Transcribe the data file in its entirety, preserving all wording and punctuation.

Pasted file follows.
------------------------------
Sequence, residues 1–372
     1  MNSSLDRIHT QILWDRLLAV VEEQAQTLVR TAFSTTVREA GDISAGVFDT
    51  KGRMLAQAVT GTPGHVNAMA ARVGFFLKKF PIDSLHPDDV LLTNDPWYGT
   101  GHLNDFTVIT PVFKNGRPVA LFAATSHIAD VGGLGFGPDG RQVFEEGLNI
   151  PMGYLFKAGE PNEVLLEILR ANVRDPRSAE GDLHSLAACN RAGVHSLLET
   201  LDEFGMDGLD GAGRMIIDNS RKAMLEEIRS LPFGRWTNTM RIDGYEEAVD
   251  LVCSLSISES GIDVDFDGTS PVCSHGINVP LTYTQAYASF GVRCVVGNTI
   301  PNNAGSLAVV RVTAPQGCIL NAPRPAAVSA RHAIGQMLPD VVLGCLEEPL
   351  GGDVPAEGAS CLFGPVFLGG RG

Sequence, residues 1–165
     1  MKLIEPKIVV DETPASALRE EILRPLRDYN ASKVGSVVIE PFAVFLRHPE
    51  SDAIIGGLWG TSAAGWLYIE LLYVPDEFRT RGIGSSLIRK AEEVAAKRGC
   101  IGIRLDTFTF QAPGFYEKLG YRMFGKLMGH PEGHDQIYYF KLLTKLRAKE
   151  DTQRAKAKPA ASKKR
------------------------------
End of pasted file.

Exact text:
Sequence, residues 1–372
     1  MNSSLDRIHT QILWDRLLAV VEEQAQTLVR TAFSTTVREA GDISAGVFDT
    51  KGRMLAQAVT GTPGHVNAMA ARVGFFLKKF PIDSLHPDDV LLTNDPWYGT
   101  GHLNDFTVIT PVFKNGRPVA LFAATSHIAD VGGLGFGPDG RQVFEEGLNI
   151  PMGYLFKAGE PNEVLLEILR ANVRDPRSAE GDLHSLAACN RAGVHSLLET
   201  LDEFGMDGLD GAGRMIIDNS RKAMLEEIRS LPFGRWTNTM RIDGYEEAVD
   251  LVCSLSISES GIDVDFDGTS PVCSHGINVP LTYTQAYASF GVRCVVGNTI
   301  PNNAGSLAVV RVTAPQGCIL NAPRPAAVSA RHAIGQMLPD VVLGCLEEPL
   351  GGDVPAEGAS CLFGPVFLGG RG

Sequence, residues 1–165
     1  MKLIEPKIVV DETPASALRE EILRPLRDYN ASKVGSVVIE PFAVFLRHPE
    51  SDAIIGGLWG TSAAGWLYIE LLYVPDEFRT RGIGSSLIRK AEEVAAKRGC
   101  IGIRLDTFTF QAPGFYEKLG YRMFGKLMGH PEGHDQIYYF KLLTKLRAKE
   151  DTQRAKAKPA ASKKR